Make extra retirement contributions if you're 50 or older. You can kick in an additional $5,500 to your 401(k) and an extra $1,000 to an IRA. These catch-up provisions are especially helpful for moms who entered the work force late, after their kids were grown, or delayed their own saving to pay for those braces or that college tuition.

Buy life insurance. Statistically, women tend to be the survivors. And loving as your relationship may be, you can't count on your spouse to provide for you and the kids if he's not there. As a rough rule of thumb, figure that insurance coverage should equal eight to ten times your total household income.

When figuring your insurance needs, consider the income you earn outside the home or the amount you contribute to the family with the services you perform. According to Salary.com, the job titles that best match a mother's work -- in descending order of pay -- are chief executive officer, psychologist, facilities manager, day-care-center teacher, cook, computer operator, housekeeper, van driver, janitor and laundry-machine operator. To shop for a low-cost term insurance policy, go to Insure.com or AccuQuote.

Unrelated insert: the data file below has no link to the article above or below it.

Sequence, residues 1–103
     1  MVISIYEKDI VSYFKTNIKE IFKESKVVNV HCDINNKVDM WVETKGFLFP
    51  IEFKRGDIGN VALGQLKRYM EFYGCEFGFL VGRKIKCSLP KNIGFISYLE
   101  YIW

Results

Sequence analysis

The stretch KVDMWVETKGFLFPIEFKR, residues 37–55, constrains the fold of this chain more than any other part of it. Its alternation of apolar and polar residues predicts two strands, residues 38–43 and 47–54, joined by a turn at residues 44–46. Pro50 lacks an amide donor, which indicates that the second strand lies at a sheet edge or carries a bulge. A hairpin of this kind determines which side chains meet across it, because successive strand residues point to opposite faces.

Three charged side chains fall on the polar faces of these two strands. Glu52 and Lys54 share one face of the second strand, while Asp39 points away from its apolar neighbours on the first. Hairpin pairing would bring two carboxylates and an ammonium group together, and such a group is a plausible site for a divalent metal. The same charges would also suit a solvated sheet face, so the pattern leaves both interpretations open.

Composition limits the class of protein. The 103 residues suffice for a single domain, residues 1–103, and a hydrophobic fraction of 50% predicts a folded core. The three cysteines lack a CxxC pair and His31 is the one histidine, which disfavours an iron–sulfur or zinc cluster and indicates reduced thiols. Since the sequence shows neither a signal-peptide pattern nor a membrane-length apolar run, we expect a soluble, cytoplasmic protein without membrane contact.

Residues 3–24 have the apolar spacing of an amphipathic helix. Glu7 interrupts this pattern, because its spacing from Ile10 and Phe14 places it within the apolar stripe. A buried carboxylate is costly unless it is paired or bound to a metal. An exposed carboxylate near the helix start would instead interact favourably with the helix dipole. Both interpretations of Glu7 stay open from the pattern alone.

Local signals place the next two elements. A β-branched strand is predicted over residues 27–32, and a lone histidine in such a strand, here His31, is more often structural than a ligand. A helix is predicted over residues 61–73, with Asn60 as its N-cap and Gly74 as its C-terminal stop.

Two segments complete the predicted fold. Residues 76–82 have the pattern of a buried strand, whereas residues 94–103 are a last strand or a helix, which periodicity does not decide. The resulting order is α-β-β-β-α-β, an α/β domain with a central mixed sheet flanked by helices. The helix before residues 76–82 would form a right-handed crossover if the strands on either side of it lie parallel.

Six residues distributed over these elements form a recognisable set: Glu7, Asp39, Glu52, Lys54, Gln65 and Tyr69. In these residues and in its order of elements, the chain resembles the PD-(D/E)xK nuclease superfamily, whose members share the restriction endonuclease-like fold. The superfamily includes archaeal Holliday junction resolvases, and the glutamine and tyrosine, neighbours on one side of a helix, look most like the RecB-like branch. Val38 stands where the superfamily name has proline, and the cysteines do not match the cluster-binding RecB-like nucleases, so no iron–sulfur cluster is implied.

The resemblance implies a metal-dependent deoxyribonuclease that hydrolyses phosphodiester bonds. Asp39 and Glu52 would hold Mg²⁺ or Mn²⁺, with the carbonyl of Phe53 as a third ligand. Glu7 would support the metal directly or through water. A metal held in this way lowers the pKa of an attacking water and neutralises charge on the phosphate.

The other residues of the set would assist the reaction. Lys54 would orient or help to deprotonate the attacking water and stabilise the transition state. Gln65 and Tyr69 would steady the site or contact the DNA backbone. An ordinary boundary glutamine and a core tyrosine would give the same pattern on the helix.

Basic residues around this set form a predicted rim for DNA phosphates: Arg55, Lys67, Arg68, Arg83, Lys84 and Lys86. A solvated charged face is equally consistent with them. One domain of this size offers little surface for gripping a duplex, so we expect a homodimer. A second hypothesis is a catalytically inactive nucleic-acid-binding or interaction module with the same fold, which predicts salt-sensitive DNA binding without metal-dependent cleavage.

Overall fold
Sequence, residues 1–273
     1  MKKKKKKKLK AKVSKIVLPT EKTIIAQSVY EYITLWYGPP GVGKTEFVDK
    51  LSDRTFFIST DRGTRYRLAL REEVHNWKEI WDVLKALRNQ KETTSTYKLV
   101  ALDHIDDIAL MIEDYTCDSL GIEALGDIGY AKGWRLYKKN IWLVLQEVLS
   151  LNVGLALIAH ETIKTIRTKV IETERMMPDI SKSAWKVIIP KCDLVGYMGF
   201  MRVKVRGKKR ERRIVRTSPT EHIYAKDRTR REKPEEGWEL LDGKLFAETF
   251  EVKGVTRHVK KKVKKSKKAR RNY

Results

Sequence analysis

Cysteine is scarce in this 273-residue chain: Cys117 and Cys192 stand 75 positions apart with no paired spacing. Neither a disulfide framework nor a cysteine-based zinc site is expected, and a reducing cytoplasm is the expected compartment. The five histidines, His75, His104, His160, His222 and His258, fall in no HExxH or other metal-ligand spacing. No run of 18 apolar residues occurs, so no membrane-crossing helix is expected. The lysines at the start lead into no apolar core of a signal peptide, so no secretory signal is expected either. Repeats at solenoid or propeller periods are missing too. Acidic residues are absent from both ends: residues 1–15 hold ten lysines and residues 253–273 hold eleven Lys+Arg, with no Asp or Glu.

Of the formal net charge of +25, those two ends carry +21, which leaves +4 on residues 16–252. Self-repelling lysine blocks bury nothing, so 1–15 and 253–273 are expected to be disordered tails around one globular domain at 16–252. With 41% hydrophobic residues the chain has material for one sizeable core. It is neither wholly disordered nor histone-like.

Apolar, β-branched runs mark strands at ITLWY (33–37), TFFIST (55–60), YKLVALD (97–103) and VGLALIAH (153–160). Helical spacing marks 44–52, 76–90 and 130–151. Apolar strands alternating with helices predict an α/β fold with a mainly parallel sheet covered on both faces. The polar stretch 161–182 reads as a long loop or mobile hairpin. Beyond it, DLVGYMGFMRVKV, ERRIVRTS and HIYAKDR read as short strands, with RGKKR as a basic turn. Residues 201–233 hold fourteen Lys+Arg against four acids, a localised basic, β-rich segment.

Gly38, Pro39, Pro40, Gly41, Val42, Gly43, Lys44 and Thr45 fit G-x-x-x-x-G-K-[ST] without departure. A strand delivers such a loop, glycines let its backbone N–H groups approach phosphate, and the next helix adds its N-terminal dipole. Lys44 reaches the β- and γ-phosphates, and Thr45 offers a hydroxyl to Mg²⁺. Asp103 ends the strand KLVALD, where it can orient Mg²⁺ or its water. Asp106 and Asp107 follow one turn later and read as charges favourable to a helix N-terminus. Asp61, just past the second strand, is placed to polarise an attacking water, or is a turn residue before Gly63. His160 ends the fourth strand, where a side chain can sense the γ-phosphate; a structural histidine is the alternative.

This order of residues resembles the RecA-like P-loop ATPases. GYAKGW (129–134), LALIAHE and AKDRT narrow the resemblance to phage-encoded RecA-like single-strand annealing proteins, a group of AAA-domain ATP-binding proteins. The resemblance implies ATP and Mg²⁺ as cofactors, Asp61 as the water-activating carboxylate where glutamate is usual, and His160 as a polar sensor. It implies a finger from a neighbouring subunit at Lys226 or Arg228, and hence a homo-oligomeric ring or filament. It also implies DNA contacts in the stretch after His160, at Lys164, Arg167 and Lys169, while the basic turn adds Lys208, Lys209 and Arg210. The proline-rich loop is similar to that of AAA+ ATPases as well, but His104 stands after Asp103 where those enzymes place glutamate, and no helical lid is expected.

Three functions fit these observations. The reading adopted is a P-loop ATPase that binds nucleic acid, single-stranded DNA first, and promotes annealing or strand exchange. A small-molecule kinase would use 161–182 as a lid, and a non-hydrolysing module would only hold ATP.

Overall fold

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Write a will. If you don't have one, your state's one-size-fits all estate plan kicks in, and it may not be tailored to your needs or your children's. For example, as the surviving spouse, you may get only a fraction of your husband's assets, with the rest going to your children. If you and your spouse both die, the state decides who will raise your kids. With a will, you call the shots. What's more, you'll avoid a messy situation like those that often make tabloid headlines. Remember the Anna Nicole Smith debacle with her infant daughter Dannielynn?